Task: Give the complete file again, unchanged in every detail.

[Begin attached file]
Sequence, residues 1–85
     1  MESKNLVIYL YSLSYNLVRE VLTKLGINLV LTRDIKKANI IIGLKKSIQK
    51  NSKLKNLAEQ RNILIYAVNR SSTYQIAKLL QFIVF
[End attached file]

Sequence, residues 1–85
     1  MESKNLVIYL YSLSYNLVRE VLTKLGINLV LTRDIKKANI IIGLKKSIQK
    51  NSKLKNLAEQ RNILIYAVNR SSTYQIAKLL QFIVF